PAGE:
By Logan Levkoff
I have been torn about whether or not to write this piece. It felt redundant. And it would sound naive of me to say that it never occurred to me that I would have to pen something so explicit, but it isn’t naivete. It has simply been a profound (and deliberate) unwillingness to consider how bad things have been and how all of us have played some role in perpetuating this behavior. So with that said, this is my attempt to provide clear and simple tips for raising sons.
With my husband, we are raising two children: a son and a daughter. There are no double standards (especially sexual ones) in our home. The rules apply to everyone. It was the same rule in the house that I grew up in and I only had a sister. Sexuality was something that we were supposed to be empowered by, not ashamed of. We were told (in particular by our father), that we were entitled to make our own decisions about having sex, but only if they were OURS—not actions given passively or unenthusiastically at the behest of others.
When people write that we have to raise boys differently (seemingly ad infinitum these days), I say: I am doing this. Everyone I know has been doing this. And while my peers and I aren’t always aligned on political perspectives (shocking as that may seem), there is no one I know who is raising their son to become a predatory asshole. But admittedly, I guess that makes me lucky. So if you feel like you have fallen behind or haven’t been actively raising sons in this manner, there’s no time like the present. I promise. Better to start now than to become intellectually paralyzed by the parental/caregiver challenges we face. The stakes are too high.
First, and most important, a statement: if you want to change the culture that has allowed men (primarily) to get away with bad (um, criminal) behavior and a culture that suggests to boys that the only way to be a man is to emulate this behavior, we need to take a deep look at the messages that we have given our sons. I am asking all of us to step outside of our comfort zones. I am asking us to consider that our cultures (whatever they may be) have not always set our children (and ourselves) up for success. Some of these tips may seem painfully obvious, but they need to be said because pretending that their simplicity can be written off as unimportant would be detrimental to the emotional health of all of our children, regardless of their sex or gender.
- Encourage boys to explore emotions—not just anger. It’s okay for boys to cry.
- Make sure that boys know that the desire for emotional connection is not limited to people who have vulvas and vaginas. It’s cool to want to be cared for, even when you have a penis.
- Let boys know that it is okay to want sex, and girls want it, too (when it is consensual)
- Give boys the freedom to wear pink or explore toys and activities that aren’t in the sections designated “for boys only” (which is ridiculous anyway)
- Let boys have long hair and defy all of the old stereotypes that have plagued us for eons.
- Give boys the opportunity to tell us who they are, rather than making assumptions about them (or their sexual orientation)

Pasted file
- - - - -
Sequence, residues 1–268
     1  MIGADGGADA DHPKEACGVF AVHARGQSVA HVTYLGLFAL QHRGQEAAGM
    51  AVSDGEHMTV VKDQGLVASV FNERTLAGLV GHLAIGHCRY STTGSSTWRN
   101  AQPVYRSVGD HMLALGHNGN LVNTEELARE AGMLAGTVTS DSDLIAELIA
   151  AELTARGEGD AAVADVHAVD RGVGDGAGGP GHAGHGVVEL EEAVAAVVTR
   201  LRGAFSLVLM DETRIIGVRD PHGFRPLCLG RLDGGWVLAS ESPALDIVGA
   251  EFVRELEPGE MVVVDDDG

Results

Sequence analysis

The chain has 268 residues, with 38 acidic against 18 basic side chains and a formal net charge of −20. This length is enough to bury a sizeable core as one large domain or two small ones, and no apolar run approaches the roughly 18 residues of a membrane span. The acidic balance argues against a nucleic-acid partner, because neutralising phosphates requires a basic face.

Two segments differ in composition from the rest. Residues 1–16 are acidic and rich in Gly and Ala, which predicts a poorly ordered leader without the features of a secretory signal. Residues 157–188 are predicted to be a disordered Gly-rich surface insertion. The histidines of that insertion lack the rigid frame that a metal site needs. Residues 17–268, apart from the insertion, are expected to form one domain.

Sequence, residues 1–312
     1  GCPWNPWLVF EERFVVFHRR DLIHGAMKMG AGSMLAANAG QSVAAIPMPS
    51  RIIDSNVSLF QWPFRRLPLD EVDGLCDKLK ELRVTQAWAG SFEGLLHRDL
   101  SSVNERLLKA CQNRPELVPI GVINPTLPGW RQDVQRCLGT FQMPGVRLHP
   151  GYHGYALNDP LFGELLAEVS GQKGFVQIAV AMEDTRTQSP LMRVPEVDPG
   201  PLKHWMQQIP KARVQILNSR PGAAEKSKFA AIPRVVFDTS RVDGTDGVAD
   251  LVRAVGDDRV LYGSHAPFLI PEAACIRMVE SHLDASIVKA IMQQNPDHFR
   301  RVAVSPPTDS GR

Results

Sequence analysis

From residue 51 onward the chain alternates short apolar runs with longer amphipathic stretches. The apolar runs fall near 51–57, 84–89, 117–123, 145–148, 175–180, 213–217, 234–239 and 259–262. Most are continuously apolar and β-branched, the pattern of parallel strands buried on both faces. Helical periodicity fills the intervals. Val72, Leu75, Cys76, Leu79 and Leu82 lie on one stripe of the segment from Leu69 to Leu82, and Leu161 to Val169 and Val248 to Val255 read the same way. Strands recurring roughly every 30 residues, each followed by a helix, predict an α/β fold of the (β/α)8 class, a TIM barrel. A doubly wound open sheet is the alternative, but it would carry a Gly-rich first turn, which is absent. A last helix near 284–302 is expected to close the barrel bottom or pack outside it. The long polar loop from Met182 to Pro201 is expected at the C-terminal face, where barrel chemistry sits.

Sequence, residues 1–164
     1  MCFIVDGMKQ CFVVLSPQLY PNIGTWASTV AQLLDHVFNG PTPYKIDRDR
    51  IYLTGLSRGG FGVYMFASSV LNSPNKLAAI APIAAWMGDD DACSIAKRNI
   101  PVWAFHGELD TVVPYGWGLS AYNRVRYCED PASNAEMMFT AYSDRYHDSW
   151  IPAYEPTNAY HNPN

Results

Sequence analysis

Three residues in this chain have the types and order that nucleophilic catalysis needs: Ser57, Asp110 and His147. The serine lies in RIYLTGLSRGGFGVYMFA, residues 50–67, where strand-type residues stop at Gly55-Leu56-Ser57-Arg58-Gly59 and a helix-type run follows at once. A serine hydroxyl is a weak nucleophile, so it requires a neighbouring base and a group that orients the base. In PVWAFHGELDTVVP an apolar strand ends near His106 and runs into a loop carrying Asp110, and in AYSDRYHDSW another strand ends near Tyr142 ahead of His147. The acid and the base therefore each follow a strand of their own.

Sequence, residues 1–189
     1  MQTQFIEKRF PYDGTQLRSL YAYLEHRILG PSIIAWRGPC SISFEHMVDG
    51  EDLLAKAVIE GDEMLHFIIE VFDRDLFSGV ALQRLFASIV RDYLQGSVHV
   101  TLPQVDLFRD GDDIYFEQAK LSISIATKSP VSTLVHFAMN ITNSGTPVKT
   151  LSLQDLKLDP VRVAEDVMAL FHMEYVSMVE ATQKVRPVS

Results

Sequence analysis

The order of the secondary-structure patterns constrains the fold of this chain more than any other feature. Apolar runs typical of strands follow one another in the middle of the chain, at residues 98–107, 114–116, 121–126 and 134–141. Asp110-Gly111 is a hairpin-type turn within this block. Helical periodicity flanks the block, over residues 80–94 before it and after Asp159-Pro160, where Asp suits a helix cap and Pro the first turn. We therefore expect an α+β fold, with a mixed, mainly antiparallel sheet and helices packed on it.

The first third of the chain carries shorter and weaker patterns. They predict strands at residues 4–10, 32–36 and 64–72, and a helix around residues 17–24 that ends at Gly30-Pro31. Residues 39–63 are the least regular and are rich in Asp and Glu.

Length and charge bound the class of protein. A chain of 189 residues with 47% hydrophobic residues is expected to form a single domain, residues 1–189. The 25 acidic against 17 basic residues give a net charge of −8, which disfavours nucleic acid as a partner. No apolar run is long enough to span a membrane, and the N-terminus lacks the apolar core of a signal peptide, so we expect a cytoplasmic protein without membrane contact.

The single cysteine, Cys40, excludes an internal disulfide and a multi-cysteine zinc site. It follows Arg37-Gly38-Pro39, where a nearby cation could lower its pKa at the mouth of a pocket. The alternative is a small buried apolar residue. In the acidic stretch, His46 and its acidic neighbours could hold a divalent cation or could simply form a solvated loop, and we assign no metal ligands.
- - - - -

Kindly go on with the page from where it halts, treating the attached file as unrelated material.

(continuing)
- Show boys that strong girls and women are not to be feared, but rather, admired and respected
- Teach boys that partnerships should not be adversarial; friendships and romantic relationships should never have winners or losers. There should be equity, not a power imbalance
- Encourage boys to use their voice to challenge expectations of traditional manhood when they hear them used at school, on fields, in life
- Encourage boys to speak out against unethical behavior
- Explain to boys that bodies are not to be commented on unless someone specifically asks them for their opinion
- Tell boys that no one wants to see their genitals unless someone has explicitly asked to see them (and of course, it has to be consensual)
- Model for boys how to ask for permission. Consent cannot be a word with an application limited to sex and bodies. If you have a script when you’re young, it becomes far easier to negotiate behaviors when you are older. ”May I please kiss you?” or a more simple: “May I borrow your notebook?” (I don’t give a shit what examples you give, just show them how to do this!)
- Model for boys how to cope and respond if permission is not granted i.e “It’s okay. I understand.” You might even teach them to say, “I’m frustrated, but that’s okay. You have the right to withhold permission.” (Young people do not instinctually know how to do this.)
- Call out bad behavior. Make it loud and clear. Ambiguity doesn’t help. Turn on the news, explain how these public examples of criminal behavior are unacceptable, and repeat every single day if need be. In a strange turn of events, we have an embarrassment of riches in the “models of bad behavior” department, so use them to inspire conversation at home.
And if you take anything away from this, let it be this:
Don’t assume boys are innately predatory. They are not. It’s on us to make sure that they stay that way.
Dr. Logan Levkoff is a mom who never misses an opportunity to train her children to become sexual equity freedom fighters. She lives in NYC frequently picking up after said-freedom fighters.